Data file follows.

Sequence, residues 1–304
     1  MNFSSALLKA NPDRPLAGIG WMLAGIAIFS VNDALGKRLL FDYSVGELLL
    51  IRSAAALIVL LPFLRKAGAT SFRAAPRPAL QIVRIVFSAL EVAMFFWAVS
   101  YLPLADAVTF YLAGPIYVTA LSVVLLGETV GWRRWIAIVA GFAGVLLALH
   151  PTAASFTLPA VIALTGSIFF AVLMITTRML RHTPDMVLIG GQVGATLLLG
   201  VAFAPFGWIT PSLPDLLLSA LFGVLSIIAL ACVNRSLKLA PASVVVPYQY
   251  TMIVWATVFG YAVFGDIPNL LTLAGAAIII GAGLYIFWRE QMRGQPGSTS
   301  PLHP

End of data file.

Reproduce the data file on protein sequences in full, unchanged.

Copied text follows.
Sequence, residues 1–304
     1  MNFSSALLKA NPDRPLAGIG WMLAGIAIFS VNDALGKRLL FDYSVGELLL
    51  IRSAAALIVL LPFLRKAGAT SFRAAPRPAL QIVRIVFSAL EVAMFFWAVS
   101  YLPLADAVTF YLAGPIYVTA LSVVLLGETV GWRRWIAIVA GFAGVLLALH
   151  PTAASFTLPA VIALTGSIFF AVLMITTRML RHTPDMVLIG GQVGATLLLG
   201  VAFAPFGWIT PSLPDLLLSA LFGVLSIIAL ACVNRSLKLA PASVVVPYQY
   251  TMIVWATVFG YAVFGDIPNL LTLAGAAIII GAGLYIFWRE QMRGQPGSTS
   301  PLHP